Granted, it’s also a matter of available funds. It’s much less risky to do something new when you don’t have to cut out something old to try it. Another advantage to bigger companies with strong balance sheets.
We tend to perceive low risk in doing what we’ve always done. We perceive higher risk in doing new things. I think it’s the other way around. Industry conditions and the difficult competitive environment require that you do some of these new things if you are going to succeed. If you don’t, you have no opportunity to be better than anybody else.
And that gets us to marketing as a competitive tool, a money saver, and a way to fix your perceptual problems.
Doing Marketing
Sometimes I just have good karma. I’d been working on a talk I had agreed to give on how we compete as an industry and how we can do it better. Before I finished preparing, I flew off to ASR. I walked into the room late, but managed to hear most of Mikke Pierson’s (the other co-owner of ZJ Boarding House) talk on how to utilize your data base effectively. I know this article is turning into a damned ZJ Boarding House promotional piece, but sometimes you just have to go with the flow.
So here I am, thinking about how the industry competes, why brands and shops need to take some risks, and why they often seem reluctant to do it. Having managed to put off my article deadline until after ASR, I was getting desperate for a good way to tie this all together in the real world.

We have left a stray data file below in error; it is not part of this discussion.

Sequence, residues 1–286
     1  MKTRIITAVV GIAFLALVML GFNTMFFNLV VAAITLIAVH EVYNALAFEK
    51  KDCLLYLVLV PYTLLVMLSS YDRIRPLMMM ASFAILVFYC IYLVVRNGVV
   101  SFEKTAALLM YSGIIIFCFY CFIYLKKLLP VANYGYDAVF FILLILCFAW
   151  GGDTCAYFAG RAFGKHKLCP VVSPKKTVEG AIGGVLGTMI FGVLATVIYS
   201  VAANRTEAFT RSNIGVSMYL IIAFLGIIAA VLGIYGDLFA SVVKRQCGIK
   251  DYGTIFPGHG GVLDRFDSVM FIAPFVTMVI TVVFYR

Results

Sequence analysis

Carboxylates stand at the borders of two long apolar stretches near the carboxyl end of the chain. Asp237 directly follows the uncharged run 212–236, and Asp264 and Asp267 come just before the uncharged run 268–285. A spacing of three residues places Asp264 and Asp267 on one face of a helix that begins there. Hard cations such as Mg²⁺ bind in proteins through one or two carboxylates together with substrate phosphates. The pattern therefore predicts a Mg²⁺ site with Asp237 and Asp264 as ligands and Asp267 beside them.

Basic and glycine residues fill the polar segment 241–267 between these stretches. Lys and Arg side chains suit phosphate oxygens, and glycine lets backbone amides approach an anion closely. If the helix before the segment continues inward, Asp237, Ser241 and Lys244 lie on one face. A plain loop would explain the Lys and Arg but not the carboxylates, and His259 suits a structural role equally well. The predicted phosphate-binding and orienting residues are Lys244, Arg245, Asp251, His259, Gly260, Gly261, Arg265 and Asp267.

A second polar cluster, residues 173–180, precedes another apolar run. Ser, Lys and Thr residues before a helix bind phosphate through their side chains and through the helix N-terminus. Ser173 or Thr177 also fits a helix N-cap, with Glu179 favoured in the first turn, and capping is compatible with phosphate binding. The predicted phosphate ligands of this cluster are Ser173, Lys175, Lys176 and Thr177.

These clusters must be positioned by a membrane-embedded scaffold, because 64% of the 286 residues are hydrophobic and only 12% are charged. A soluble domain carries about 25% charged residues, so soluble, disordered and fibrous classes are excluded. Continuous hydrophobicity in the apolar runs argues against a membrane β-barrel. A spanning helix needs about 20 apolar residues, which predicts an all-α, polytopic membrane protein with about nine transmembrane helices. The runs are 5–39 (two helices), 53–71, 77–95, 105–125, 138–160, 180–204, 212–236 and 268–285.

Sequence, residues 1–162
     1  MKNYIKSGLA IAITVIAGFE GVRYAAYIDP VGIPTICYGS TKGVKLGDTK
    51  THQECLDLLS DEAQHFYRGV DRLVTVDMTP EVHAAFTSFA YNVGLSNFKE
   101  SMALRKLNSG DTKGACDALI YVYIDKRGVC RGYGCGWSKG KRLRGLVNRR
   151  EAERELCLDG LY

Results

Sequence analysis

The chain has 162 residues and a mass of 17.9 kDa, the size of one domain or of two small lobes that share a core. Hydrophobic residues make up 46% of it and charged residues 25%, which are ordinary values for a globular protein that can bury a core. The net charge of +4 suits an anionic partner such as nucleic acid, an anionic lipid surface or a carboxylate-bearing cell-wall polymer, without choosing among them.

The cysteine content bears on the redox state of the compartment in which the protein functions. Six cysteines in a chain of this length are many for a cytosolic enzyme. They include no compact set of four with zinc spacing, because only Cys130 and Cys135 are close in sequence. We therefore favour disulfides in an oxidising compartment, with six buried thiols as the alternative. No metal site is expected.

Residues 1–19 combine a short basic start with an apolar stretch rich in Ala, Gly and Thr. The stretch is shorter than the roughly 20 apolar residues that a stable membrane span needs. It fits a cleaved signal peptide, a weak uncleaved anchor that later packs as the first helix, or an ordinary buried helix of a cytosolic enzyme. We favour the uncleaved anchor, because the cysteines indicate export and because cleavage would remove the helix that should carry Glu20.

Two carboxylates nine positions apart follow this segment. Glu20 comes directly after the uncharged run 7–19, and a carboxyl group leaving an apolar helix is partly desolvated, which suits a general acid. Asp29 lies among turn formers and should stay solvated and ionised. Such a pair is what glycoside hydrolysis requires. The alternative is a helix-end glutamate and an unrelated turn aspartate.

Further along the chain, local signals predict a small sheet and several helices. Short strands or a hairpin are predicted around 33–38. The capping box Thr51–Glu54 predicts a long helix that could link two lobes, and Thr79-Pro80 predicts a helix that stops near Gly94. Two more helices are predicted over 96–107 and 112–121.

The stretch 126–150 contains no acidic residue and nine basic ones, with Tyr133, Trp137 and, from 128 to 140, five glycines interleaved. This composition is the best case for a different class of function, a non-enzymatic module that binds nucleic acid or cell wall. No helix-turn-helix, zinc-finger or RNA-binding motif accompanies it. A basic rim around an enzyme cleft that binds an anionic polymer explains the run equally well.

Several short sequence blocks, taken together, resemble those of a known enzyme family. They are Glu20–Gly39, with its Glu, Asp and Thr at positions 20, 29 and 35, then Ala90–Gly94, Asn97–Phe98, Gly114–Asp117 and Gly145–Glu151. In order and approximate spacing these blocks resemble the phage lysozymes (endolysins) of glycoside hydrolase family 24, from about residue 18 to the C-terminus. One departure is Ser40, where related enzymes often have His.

And Mikke saved my ass.
To make a longer story short, he said, “We spent $4,000 with Customers First to clean up our mailing list and plot our customers on a map so we knew where they were coming from. We did our usual promotional mailing at a cost of $16,000 and it generated $135,000 worth of business. The cost of doing the mailing was a whole lot lower because we knew who we were mailing to and why. We didn’t have to pay the post office for returns, and we didn’t waste money on duplicates, people who weren’t interested, or who were too far away to come to the store.”
The $4,000 spent with Customers First is real marketing. And I want you to notice the following things.
  • It wasn’t some esoteric, company wide, long term, epic undertaking that produced a ream of data that nobody knew what to do with. It was practical, cheap, quick, and the return was immediate and measurable.
  • It reduced risk. They knew much better who they were doing a mailing to and why. Maybe just as importantly, it also reduced the perception of risk.
  • It generated additional sales- quickly.
  • It didn’t cost them money- it saved them money.
  • It wasn’t some change of direction, risk the company strategy. It was a fairly minimal, common sense sort of thing. If it hadn’t worked out they would have been out $4,000 and a little time and would have learned something.
  • It focused on their customers- not on their competitors and not on the industry.
What I said I was trying to do at the start of this article was demonstrate the relationship between marketing and business risk. The relationship is both perceptual and practical. Good marketing reduces your business risk. It also reduces the perceived risk because your actions and decisions are based on good data. That means you are more willing to try some new things.
And I don’t think you have much choice. Focus on your end customer and why they buy from you. Think of a dozen questions you’d like to have answers for and how those answers would make it easier to reach those customers. Answer just one and see what you can do with the information. The risk of not trying is just too big. Like Walt Disney said, “You don’t build it for yourself. You know what the people want and you build it for them.”